The World of Sue Kreitzman

Watch Sue recite her talk 'Natural Environments' at the Southbank Centre:

The Silk Series

On selected Wednesdays or Thursdays, Spitalfields Market, London

From 19-21 February 2018 Old Spitalfields Market launched The Silk Series, a new cultural initiative curated by ethical fashion designer Mei-Hui. A long-standing East London designer, Mei-Hui has joined creative organisation Ten Ten to bring together a diverse group of new traders that sit at the intersection of fashion, art and lifestyle. Sue Kreitzman takes part in this event on selected Wednesdays or Thursdays, usually meeting from 12pm at the market.

Running Monday through Wednesday, every week, Old Spitalfields Market's Silk Series will incorporate a series of events, workshops, exhibitions and talks that run alongside the new traders.

To kick off this cultural initiative, local artist Sue Kreitzman will be exhibiting her work during launch week of Old Spitalfields Market's Silk Series. With a deeply rooted cult following, this self-titled "Wild Old Woman" will definitely bring the wow factor via her visceral, colourful, joyful art, which borrows from the cultures that enrich East London. Considered a leading authority on how to 'wear one's art', Sue gave a talk on East London, her work and Old Spitalfield Market as well as a 'Colour Walk' - a live installation of artists wearing their art in February 2018.

The exciting list of artists and traders appearing at The Silk Series will include: Bold geometric yoga pants from david david, Contemporary silk scarves from LAMAR Scarves, yet luxurious hosiery, The outrageous and beautiful shoes of Natacha Marro, Mei's own Victim Fashion Street label, featured alongside Junky Styling.

Bright Old Things

Sue was chosen as one of Selfridges 'Bright Old Things' - a celebration of mature talent that took form as an exhibition at Selfridges, London in January 2015. Celebrating fresh talent, the famous department store turned the concept (that new equals young) on its head and dedicated it to Britain's mature creatives instead. It brought together 14 older women (and men), who each discovered a creative outlet later in life.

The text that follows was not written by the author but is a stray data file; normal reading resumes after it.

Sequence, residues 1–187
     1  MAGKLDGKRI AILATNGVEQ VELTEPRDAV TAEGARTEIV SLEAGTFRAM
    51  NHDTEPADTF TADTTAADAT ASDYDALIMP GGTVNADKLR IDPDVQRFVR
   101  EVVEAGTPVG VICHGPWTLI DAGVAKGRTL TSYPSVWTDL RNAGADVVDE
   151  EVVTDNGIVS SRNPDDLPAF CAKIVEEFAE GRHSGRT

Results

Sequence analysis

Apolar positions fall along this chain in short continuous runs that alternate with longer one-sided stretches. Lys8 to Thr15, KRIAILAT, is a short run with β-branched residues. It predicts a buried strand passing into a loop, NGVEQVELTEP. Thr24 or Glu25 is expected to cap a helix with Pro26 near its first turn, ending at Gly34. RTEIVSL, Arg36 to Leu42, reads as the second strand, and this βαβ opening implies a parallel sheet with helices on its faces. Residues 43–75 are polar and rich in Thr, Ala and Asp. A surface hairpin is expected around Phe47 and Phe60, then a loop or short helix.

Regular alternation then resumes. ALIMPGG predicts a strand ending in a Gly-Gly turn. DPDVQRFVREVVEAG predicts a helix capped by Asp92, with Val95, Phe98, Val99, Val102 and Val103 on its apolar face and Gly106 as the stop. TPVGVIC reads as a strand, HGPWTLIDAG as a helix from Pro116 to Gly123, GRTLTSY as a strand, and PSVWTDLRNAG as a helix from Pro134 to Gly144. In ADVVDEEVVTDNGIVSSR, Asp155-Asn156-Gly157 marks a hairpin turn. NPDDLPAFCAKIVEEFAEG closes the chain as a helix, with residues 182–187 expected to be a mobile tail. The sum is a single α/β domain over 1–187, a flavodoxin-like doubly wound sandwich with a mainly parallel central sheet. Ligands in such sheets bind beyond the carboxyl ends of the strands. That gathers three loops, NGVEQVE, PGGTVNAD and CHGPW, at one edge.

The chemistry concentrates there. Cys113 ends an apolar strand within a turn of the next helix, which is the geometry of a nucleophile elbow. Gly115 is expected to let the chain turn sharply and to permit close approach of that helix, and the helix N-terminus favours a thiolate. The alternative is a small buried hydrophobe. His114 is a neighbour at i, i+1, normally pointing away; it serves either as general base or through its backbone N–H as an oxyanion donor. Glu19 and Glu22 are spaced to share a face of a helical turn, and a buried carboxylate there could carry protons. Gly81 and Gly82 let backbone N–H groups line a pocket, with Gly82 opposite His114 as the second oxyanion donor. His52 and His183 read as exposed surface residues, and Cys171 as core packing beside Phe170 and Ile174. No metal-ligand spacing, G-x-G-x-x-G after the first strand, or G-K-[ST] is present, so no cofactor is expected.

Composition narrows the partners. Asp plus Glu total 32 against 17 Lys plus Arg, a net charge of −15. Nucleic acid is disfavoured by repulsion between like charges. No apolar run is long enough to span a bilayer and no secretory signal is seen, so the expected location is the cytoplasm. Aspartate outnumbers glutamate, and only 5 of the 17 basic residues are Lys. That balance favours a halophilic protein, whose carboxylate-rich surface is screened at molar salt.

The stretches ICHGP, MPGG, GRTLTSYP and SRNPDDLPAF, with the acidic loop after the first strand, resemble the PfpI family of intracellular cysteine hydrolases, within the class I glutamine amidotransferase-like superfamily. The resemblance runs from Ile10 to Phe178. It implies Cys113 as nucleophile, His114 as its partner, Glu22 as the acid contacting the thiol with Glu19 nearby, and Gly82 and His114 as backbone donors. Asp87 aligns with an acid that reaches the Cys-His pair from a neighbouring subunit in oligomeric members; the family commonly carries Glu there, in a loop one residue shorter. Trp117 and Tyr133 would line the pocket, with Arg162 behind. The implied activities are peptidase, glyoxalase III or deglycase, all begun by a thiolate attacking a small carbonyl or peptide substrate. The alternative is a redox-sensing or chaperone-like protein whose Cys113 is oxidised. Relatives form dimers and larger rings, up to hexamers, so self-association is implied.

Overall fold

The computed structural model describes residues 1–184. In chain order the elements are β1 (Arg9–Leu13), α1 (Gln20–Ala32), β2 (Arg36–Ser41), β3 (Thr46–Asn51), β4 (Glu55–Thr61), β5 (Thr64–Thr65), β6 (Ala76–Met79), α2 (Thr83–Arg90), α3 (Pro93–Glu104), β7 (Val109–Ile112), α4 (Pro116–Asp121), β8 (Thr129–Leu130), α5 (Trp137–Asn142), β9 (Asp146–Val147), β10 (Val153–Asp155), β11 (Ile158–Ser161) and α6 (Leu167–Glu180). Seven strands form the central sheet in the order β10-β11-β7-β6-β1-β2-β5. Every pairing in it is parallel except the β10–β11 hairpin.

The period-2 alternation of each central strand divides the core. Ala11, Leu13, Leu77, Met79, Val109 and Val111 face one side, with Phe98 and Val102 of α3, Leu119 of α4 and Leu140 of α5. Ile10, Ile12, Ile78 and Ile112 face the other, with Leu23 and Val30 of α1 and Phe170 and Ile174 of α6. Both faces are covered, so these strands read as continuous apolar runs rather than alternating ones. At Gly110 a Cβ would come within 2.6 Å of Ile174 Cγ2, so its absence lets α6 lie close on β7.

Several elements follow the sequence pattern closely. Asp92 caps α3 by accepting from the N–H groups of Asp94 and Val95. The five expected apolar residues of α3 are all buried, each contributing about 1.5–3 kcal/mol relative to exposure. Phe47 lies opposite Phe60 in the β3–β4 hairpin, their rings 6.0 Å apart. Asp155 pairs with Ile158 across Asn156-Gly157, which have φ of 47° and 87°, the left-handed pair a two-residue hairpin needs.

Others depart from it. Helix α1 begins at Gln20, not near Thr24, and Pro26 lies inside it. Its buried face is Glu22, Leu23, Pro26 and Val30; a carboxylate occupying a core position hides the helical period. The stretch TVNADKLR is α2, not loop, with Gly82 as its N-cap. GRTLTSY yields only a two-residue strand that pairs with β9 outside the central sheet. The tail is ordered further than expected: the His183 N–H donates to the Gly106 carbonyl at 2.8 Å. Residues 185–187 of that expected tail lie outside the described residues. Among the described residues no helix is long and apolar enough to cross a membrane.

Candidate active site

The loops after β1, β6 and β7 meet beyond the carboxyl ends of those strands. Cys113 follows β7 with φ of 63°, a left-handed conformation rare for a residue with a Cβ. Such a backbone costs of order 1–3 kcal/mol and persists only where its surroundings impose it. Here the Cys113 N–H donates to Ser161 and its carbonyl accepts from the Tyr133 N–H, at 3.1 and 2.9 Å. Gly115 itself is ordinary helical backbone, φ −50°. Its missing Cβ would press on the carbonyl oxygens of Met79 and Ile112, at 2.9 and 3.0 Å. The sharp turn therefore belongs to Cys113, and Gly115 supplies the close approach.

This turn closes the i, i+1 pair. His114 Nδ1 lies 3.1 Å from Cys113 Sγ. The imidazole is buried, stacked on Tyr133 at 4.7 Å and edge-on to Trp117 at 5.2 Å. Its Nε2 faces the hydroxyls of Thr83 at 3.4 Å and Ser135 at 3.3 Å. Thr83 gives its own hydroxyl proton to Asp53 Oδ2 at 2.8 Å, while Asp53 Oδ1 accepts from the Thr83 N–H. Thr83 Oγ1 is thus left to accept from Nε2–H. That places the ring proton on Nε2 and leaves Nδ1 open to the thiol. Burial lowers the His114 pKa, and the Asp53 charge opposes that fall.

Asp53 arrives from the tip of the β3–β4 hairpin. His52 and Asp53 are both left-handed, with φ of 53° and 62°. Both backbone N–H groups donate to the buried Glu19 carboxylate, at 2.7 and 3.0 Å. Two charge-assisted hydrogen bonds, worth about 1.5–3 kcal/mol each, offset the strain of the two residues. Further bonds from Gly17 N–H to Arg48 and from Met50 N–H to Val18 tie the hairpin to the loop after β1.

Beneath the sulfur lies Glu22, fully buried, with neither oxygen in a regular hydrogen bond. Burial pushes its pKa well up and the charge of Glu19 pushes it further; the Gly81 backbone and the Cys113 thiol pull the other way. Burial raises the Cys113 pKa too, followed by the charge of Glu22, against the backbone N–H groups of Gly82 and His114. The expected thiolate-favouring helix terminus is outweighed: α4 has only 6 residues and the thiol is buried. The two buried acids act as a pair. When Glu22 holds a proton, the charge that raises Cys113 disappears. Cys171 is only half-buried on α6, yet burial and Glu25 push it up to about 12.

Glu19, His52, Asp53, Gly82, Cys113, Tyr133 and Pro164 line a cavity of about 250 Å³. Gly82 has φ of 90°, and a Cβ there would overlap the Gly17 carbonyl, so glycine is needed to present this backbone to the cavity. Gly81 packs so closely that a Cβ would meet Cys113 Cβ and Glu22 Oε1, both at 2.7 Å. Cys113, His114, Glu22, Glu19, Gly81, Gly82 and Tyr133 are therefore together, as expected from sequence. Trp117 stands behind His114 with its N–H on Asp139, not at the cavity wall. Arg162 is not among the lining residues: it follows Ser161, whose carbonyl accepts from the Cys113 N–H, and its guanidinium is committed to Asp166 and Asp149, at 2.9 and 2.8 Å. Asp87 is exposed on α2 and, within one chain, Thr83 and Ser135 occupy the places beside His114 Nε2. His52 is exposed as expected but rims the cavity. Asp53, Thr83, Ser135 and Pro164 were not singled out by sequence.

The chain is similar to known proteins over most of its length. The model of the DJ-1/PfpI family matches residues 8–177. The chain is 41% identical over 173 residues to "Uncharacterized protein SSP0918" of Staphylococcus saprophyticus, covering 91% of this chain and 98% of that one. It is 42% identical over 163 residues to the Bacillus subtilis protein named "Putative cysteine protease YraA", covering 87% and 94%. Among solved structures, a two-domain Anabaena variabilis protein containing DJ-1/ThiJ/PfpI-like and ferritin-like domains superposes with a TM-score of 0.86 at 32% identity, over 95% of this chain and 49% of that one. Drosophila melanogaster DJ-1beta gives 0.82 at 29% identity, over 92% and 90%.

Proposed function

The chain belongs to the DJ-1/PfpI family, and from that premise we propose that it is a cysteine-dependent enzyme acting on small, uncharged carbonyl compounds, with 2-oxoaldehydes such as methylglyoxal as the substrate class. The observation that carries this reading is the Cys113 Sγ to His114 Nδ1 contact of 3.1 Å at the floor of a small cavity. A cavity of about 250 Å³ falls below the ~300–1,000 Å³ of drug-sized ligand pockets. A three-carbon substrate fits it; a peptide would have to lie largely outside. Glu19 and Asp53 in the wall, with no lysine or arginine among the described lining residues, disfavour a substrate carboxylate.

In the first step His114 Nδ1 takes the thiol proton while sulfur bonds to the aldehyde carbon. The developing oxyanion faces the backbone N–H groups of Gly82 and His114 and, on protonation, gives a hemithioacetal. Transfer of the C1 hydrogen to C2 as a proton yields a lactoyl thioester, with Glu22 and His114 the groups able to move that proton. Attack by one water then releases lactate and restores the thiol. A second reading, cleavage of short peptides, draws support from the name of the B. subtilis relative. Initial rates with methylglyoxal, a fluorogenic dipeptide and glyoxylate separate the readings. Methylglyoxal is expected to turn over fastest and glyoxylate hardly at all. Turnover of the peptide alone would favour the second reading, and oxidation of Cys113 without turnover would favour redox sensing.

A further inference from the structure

Photos from

Review by By Kristin Hohenadel on

'Since 2011, the British department store Selfridges has kicked off the new year with its annual Bright Young Things campaign, showcasing emerging young design talent. But this year the venerable century-old department store decided to turn the bright young thing trope on its head. Reinventing its annual talent showcase as a celebration of second acts, Bright Old Things features artists and designers ranging in age from late-40s to mid-80s.

The line up of 14 artists and designers have all undergone a retirement renaissance, switching careers and reinventing themselves, proving that exciting fresh new ideas are not the preserve of youth. Each of the participants was given the blank canvas of a store window at Selfridge's London flagship on Oxford Street. The window displays are meant as stage sets to offer glimpses of each designer's creative process.'

Click the photo below to watch a 30 second review of 'Bright Old Things, A Selfridges Project' by The Selby.

Interview by The Selby at Bright Old Things: